Soil Compaction, Subsoil Tillage, & Cover Crop Effect ?· Soil Compaction, Subsoil Tillage, & Cover…

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  • Soil Compaction, Subsoil Tillage, & Cover Crop Effect on

    Crop Production

    Alan Sundermeier, Agriculture & Natural Resources Extension Educator

    Randall Reeder, State Specialist, Conservation Tillage

    Objective

    To evaluate the effect of soil compaction, cover crops, and subsoil tillage on crop production.

    Background Cooperator: O.A.R.D.C. NW Branch

    County: Wood

    Nearest Town: Hoytville

    Drainage: Tile, well-drained

    Soil type: Hoytville, clay

    Tillage: No-till vs subsoil

    Previous Crop: corn/soybean rotation

    Variety: corn Beck 5354 HXR

    soybean - Pioneer 93Y10

    Planting Date: corn 5-27-10 soybean 5-29-10

    Planting Rate: corn- 30,000, soybean- 180,000

    Row Width: corn- 30 in, bean- 7.5 in

    Herbicides: corn Lexar, 2,4-D, Glyphosate,

    soybean Sonic,Glyphosate 2,4-D

    Harvest Date: corn- 10-14-10 bean 10-11-10

    Methods

    The entries were replicated four times in a randomized complete block design. Plot size- 10 x

    50 feet each entry. Harvest data was collected from the center rows. All treatments received the

    same seed variety, herbicide, and pre-season fertilizer applications.

    On November 17 & 18, 2008, a single axle grain cart was used with half full 10 ton/axle weight

    and full 20 ton/axle weight. Compacted plots were driven over the entire area of those plots once

    with tractor and grain cart. The same plots were previously compacted in a similar way in 2002

    and 2005. On November 20, 2008 subsoil tillage was done on subsoil plots. On November 12,

    2009 the same plots received the same subsoil tillage. This tool has a single straight shank

    spaced 30 in. apart, operated at depth of 12- 18 inches. No further tillage was performed. No-till

    plots have not received any tillage since 2001.

    On September 10, 2009, cover crop seed was hand broadcast into the standing row crop. Cereal

    rye at 50 lb/acre was broadcast under corn. Annual ryegrass at 30 lb/acre was broadcast under

    soybeans at yellow leaf drop stage. The hard, dry soil under corn did not allow cereal rye to

    establish very well. However, the soybean leaves falling on top of the annual ryegrass enhanced

    germination resulting in a good growth of annual ryegrass. The cover crops were killed with

    glyphosate on April 14, 2010.

  • Results 2010 Soybean Yield bu/ac

    Treatment Compaction Tillage Yield - Significance

    1 None No-till 50.5 D

    2 None Fall Subsoil 40.1 BC

    3 None Cover crop 42.0 C

    4 10 ton No-till 48.8 D

    5 10 ton Fall Subsoil 42.4 C

    6 10 ton Cover crop 41.4 BC

    7 20 ton No-till 43.5 C

    8 20 ton Fall Subsoil 35.4 A

    9 20 ton Cover crop 37.8 AB

    LSD (.20) = 3.9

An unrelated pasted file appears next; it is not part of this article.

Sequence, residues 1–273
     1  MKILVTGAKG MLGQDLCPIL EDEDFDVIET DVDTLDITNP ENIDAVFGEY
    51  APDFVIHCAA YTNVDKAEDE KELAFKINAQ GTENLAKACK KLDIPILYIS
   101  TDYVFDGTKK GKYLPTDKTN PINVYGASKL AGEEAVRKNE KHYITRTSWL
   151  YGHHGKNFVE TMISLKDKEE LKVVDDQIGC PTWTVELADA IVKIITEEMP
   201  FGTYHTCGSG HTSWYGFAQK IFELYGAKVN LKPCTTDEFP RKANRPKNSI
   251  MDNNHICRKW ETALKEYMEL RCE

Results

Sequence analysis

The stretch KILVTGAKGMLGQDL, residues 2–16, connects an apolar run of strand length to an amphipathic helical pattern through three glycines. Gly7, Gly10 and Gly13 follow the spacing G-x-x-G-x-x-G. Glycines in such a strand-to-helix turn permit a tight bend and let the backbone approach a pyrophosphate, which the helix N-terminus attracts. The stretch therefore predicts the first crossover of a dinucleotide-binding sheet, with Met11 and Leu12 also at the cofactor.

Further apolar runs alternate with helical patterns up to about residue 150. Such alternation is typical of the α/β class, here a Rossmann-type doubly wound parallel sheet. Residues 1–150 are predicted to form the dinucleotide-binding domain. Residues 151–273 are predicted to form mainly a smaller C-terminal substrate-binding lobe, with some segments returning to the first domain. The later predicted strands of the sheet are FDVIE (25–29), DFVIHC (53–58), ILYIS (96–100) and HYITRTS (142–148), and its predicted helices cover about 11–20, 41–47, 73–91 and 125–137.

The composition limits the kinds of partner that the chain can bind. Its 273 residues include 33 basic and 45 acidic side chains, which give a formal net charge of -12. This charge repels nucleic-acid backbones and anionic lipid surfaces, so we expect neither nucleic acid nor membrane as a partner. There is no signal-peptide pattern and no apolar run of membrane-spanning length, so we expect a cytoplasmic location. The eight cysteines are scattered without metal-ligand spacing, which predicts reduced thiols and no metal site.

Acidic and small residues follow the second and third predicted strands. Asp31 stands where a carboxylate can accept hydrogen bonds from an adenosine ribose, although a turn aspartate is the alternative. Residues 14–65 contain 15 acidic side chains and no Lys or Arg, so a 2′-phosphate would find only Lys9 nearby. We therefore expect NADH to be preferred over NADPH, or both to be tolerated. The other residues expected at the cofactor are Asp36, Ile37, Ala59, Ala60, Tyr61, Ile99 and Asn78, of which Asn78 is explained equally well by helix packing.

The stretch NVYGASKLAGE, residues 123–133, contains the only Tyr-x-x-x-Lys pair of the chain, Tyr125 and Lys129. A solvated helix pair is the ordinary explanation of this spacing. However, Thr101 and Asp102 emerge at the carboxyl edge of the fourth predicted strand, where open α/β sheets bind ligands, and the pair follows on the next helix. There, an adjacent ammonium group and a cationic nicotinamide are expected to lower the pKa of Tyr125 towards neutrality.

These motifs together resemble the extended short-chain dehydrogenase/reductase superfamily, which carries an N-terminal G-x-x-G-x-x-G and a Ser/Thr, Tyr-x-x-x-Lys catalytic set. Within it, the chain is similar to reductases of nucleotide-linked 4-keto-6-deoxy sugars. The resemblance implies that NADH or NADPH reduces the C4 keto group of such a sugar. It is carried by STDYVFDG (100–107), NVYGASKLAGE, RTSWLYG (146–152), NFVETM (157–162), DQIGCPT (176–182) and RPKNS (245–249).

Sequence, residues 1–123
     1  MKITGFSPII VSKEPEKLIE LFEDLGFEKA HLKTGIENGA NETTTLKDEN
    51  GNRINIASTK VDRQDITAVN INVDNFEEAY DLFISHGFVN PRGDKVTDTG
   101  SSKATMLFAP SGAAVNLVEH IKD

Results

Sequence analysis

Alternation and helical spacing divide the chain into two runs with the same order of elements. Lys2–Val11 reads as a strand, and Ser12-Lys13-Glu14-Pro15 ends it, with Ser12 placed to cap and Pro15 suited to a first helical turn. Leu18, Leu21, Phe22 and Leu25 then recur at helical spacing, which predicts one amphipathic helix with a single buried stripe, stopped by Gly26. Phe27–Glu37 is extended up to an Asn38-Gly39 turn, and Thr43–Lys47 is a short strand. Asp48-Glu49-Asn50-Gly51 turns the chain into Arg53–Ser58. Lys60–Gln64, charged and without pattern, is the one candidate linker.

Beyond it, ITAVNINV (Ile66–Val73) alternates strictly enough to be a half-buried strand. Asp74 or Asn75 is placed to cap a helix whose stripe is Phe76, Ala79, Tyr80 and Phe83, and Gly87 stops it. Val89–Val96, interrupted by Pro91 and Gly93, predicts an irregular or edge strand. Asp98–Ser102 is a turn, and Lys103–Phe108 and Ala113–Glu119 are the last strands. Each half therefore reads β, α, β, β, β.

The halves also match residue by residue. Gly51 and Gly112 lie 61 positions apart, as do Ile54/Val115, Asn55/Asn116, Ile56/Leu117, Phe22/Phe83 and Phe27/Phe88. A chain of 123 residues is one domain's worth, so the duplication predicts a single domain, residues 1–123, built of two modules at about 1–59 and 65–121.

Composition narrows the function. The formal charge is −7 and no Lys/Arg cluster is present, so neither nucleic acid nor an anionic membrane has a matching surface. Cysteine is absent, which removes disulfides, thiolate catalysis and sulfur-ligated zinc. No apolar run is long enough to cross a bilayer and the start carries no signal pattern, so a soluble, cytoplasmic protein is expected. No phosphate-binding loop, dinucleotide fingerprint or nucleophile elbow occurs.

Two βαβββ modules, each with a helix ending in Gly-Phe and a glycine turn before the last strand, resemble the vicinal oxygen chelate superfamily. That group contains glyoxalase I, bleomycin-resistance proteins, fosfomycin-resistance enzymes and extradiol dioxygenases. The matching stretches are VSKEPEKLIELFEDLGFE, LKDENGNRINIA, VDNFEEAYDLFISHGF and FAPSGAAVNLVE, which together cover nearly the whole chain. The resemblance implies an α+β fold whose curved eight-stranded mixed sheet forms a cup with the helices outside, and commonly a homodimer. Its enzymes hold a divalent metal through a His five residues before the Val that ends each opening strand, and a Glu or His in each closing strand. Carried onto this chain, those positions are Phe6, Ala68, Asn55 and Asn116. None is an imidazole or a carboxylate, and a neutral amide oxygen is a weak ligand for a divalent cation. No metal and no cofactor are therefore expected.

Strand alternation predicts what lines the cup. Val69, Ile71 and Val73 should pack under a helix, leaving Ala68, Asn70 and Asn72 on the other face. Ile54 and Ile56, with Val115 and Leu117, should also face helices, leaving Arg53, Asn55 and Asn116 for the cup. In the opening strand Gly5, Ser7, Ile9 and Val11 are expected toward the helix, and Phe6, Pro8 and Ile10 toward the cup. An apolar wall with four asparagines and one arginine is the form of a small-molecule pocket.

2010 Corn Yield bu/ac

    Treatment Compaction Tillage Yield - Significance

    1 None No-till 110.5 CDE

    2 None Fall Subsoil 104.2 BCD

    3 None Cover crop 111.5 DE

    4 10 ton No-till 115.7 E

    5 10 ton Fall Subsoil 101.8 BC

    6 10 ton Cover crop 103.5 BCD

    7 20 ton No-till 97.0 B

    8 20 ton Fall Subsoil 82.7 A

    9 20 ton Cover crop 96.4 B

    LSD (.20) = 9.3

    Summary

    Both the corn and soybean plots, the long-term no compaction, no-till treatments did not have

    significant difference in yield compared to the 10 ton compaction no-till. However the 20 ton

    compaction no-till was significantly lower yield compared to 10 ton or no compaction no-till.

    Subsoil tillage compared to No-till had significantly lower yields in the corn and soybean plots

    for both 10 ton and 20 ton compaction. This disadvantage for subsoiling continues a trend since

    2003.

    Long-term No-till may be able to withstand the compaction pressure due to improved soil

    structure compared to annual subsoiling. Subsoil tillage did not improve crop yields after

    compaction has occurred at 20 ton (full grain cart).

  • The cover crop established in fall 2009 before corn planting in 2010 showed the benefits of

    compaction correction by significantly increasing corn yield compared to subsoil with 20 ton

    compaction. Due to lack of fall 2009 cover crop plant growth, soybean yields did not respond to

    cover crop treatments.

    The loosened soil structure created by subsoiling means that heavy axle loads that follow, even

    months or years later, may compact the soil and reduce yields. Repeating the subsoiling

    treatment after intentional compaction did not correct the problem.

    Late fall subsoil tillage may not be the best time to perform compaction correction, due to wet

    soil. Planning to subsoil after wheat harvest instead means that soil is more likely to be drier and

    conducive to good shatter. We have not conducted research to make this comparison.

    For more information, contact:

    Alan Sundermeier

    OSU Extension, Wood County

    639 S. Dunbridge Rd, Suite 1

    Bowling Green, Ohio 43402

    sundermeier.5@osu.edu

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